- My dumbest financial move of the decade: Trying to manage investments and retirement planning on my own. I’m not talking about huge sums of money. But just the basics — how much to put aside and in what types of investments — requires time I didn’t have. I finally corrected this error around age 43.
- My smartest financial move of the decade: This is another three-parter. First selling our business in 2011, then exiting that business in 2014. Selling wasn’t a life changer financially. But it ensured my life savings wasn’t tied up in a single investment (i.e., a company). And second, exiting the business allowed me to recharge and reprioritize my life. And that set the stage for ChannelE2E’s launch in 2015. I was 45 at the time.
- What I’d tell my 40-year-old self: The long hours of a startup can be worth it — if you have a true plan to scale the business and/or exit.
Life In Your 50s
The Journal Says: You’re now in a difficult catch-up mode. On the one hand, you want to live a good lifestyle now that your kids are likely out of college. But on the other hand, a growing number of folks want to start their first businesses while in their 50s. And that can involve a risky drain on your savings.
- My dumbest financial move of the decade: Too soon to say. I’ll soon turn 47. When I push into my 50s, I suspect a major financial mistake may involve emotions vs. dollars and cents. My emotions say my wife and I want to put each of our three children through college, and that can be $60,000 per year. Multiply that (3 kids X 4 years) and the total cost is $720,000. And that’s just if college costs hold steady. Hopefully, my wife and I will avoid emotional decisions and out-of-control loans. Instead, we’ll strive to focus on the dollars and cents of it all. State colleges here in New York cost closer to $20,000 per year (or $240,000 total cost for three kids). And some private schools award merit scholarships, which can slash college costs by roughly $20,000 per year or more. Plus, there are financial aid options.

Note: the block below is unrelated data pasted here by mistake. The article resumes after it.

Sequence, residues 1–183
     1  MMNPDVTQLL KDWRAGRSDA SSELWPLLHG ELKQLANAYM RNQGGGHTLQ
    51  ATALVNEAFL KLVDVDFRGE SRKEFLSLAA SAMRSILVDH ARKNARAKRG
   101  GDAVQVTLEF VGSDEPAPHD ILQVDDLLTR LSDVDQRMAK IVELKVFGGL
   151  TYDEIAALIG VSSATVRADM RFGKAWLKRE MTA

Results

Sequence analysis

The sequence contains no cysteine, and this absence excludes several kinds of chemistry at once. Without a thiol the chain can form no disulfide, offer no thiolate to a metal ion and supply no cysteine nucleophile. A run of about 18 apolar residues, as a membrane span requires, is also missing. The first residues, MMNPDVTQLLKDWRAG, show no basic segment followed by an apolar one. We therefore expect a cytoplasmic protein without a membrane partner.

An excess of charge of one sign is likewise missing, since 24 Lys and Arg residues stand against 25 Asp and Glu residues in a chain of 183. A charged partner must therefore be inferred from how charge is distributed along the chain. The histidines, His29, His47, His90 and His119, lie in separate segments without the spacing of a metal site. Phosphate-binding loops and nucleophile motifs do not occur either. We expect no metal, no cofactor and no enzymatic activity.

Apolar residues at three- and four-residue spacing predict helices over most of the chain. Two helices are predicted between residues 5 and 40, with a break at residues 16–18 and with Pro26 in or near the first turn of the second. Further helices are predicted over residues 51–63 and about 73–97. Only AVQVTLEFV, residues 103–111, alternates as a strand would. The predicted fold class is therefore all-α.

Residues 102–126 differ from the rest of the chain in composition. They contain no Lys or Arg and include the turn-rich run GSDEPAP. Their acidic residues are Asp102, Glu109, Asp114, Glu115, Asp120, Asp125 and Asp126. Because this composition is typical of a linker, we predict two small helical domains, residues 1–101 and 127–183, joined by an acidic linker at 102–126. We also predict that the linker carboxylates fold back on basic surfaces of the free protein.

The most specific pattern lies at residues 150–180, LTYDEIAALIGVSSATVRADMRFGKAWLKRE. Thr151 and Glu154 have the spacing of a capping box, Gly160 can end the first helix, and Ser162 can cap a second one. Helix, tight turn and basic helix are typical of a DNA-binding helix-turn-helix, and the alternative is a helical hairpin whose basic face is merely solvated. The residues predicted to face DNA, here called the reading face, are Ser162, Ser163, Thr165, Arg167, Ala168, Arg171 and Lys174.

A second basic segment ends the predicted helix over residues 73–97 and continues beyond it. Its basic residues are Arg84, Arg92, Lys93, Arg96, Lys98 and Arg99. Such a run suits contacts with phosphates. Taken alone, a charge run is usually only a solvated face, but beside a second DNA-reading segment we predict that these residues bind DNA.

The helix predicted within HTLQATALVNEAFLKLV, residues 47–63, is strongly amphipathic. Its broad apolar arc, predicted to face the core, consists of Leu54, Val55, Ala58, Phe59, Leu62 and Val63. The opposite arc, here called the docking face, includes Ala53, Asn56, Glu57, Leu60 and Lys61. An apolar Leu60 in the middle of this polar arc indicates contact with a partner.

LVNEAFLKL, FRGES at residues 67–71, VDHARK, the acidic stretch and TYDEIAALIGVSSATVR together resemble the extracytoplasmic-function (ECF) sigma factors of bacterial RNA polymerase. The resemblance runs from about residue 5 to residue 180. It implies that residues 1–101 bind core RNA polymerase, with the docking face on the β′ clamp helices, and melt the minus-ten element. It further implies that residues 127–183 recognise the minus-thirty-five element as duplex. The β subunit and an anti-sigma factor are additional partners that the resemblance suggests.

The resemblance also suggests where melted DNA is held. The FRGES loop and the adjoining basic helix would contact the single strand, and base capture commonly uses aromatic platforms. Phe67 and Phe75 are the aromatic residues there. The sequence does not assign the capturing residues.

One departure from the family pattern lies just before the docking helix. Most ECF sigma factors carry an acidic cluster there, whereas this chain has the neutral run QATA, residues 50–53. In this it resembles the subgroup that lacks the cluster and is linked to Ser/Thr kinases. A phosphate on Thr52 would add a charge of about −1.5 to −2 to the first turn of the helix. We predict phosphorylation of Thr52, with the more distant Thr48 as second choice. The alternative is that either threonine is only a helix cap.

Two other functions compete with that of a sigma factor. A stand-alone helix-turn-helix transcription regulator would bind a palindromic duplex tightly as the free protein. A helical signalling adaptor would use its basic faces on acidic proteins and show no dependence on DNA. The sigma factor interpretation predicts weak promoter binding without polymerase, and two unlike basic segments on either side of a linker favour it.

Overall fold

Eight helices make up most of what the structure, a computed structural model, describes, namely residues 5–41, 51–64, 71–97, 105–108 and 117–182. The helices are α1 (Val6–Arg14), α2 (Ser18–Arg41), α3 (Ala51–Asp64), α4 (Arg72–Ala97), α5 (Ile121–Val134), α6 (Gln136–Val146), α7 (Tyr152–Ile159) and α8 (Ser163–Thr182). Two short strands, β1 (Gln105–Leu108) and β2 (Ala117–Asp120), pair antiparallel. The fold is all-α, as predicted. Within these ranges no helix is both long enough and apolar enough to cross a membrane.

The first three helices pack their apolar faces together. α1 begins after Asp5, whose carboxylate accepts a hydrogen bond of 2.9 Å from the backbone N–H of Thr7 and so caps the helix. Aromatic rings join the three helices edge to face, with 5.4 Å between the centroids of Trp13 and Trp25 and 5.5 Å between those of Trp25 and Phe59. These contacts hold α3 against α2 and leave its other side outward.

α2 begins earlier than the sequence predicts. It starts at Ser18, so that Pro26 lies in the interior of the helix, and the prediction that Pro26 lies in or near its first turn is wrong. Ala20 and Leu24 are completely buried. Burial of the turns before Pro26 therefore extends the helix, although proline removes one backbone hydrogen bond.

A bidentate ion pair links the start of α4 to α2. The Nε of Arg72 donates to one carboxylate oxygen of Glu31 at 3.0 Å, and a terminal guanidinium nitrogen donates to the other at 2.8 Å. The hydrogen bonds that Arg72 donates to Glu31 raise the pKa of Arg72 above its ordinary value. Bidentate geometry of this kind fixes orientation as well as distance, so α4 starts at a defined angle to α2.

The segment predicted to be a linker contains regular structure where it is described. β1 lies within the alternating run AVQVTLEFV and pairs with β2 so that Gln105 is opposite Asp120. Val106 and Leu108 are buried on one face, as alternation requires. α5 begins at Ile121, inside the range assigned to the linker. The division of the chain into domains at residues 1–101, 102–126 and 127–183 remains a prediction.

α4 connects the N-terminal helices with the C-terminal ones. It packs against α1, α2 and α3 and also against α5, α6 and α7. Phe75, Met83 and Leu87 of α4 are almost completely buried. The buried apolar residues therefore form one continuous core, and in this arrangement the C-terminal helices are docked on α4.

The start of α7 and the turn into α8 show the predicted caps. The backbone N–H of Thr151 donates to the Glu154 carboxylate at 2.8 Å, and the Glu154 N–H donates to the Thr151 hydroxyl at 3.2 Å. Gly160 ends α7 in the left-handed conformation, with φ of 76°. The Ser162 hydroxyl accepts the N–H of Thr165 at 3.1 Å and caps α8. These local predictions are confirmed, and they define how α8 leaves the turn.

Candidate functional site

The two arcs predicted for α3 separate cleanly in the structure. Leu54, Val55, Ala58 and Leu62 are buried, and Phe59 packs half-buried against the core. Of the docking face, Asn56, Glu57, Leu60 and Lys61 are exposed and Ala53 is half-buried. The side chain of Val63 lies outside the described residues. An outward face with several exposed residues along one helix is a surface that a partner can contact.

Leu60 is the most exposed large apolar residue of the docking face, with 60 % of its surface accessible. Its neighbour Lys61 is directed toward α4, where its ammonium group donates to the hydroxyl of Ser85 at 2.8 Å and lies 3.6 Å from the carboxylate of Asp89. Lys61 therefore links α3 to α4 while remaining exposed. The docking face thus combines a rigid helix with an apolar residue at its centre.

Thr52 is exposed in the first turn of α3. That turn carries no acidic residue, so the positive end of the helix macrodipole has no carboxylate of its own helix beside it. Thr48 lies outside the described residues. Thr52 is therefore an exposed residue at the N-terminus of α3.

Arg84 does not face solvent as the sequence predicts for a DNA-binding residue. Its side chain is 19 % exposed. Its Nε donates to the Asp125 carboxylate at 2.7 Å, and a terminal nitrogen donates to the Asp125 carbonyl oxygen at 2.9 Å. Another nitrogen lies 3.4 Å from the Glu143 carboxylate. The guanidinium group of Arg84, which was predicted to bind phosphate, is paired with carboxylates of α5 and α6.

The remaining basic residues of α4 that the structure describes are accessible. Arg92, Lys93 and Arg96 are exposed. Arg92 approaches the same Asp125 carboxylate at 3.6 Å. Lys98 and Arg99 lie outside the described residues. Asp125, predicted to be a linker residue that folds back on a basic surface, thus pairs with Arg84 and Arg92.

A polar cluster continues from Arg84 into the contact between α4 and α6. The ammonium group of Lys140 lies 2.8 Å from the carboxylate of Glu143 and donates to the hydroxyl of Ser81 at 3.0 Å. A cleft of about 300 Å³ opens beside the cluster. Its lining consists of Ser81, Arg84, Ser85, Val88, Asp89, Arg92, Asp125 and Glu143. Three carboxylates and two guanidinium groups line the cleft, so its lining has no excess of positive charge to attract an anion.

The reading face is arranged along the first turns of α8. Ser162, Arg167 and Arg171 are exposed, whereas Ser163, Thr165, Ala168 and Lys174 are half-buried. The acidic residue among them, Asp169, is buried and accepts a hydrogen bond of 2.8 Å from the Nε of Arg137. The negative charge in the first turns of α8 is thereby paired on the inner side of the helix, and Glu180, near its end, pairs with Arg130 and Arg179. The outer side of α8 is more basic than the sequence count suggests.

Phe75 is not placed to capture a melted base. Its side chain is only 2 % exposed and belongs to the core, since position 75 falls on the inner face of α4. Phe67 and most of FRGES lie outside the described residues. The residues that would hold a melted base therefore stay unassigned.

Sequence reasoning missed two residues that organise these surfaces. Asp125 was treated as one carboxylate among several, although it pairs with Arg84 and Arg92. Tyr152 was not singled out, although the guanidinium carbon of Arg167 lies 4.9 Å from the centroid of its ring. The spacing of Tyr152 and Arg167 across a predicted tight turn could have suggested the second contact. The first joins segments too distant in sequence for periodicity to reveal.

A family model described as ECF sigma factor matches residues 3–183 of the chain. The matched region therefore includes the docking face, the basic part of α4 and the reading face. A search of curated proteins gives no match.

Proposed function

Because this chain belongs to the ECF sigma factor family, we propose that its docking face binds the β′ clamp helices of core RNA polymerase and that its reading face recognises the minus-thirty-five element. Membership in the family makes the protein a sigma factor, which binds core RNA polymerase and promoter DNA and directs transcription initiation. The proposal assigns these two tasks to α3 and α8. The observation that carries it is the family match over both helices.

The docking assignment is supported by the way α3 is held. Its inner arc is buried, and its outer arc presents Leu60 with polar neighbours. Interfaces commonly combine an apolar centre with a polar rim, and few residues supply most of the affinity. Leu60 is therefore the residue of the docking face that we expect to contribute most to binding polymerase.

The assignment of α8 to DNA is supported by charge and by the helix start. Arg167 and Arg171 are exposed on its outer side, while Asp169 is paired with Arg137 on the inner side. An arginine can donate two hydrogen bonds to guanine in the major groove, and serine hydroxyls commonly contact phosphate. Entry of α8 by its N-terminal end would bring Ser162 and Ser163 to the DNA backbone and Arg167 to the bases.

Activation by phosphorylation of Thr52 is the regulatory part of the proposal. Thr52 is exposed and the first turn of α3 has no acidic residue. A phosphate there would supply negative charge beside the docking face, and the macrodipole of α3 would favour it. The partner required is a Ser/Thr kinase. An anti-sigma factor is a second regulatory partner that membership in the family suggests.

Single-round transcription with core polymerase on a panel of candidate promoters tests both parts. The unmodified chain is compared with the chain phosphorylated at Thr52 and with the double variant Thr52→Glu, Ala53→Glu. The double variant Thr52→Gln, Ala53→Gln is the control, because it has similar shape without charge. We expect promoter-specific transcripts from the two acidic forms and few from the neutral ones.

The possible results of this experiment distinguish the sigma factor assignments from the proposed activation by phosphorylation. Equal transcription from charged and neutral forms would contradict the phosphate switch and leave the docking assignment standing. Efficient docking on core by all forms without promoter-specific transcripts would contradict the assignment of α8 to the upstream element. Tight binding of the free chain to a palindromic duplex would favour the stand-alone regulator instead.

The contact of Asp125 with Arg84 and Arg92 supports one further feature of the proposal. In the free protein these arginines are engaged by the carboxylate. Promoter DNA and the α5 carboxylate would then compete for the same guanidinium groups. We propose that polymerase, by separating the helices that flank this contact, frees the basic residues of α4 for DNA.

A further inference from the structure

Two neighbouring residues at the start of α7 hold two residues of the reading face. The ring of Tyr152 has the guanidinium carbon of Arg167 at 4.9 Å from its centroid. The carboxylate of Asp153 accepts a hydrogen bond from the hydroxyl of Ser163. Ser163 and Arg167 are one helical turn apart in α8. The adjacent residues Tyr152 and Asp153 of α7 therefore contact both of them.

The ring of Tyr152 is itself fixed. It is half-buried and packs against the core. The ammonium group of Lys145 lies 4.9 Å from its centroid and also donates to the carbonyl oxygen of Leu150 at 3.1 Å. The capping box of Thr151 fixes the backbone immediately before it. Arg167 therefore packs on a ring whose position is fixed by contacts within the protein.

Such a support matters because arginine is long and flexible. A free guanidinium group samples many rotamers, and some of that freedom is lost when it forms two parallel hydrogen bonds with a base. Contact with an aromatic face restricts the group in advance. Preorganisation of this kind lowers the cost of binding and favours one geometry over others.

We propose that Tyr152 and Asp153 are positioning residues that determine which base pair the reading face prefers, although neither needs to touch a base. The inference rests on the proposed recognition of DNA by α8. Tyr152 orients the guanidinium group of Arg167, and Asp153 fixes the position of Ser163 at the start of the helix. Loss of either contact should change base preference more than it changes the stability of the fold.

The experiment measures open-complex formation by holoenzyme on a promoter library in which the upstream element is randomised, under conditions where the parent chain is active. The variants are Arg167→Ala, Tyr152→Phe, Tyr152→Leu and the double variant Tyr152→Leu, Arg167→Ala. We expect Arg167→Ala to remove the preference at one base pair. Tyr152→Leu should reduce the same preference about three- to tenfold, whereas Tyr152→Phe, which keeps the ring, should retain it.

- Warning: During this decade I think many entrepreneurs will make a fatal or near-fatal mistake. They’ll have no feel for their business’s value and no potential exit plan. HTG Peer Groups CEO Arlin Sorensen calls this the massive Valuation Gap that awaits many MSPs and IT service providers.
- My smartest financial move of the decade: Hopefully, it involves something with ChannelE2E. Amy and I don’t plan to sell this business. Rather, we’re running it in a cost-effective manner to keep paying our bills while putting money into our respective retirement plans.
Life In Your 60s
The Journal Says: Most people fail to delegate important tasks and financial decisions as their capacities diminish—potentially leading to bad financial moves.
- My dumbest financial move during this decade: Far too soon to say since this decade won’t start for another 14 years or so. Hopefully, my wife and I can avoid “emotional” big ticket items like the dream retirement home that really isn’t within our reach.
- My smartest financial move during this decade: At this point, I don’t think I’ll be a business builder or true entrepreneur anymore. Perhaps I’ll be consulting in some form. Again, it’s too soon to say — especially since two of my core long term interests (IT and media) are volatile markets.
No doubt, many entrepreneurial journeys can stretch on into your 70s and beyond. The Journal didn’t look that far ahead. Neither will I because bedtime is calling.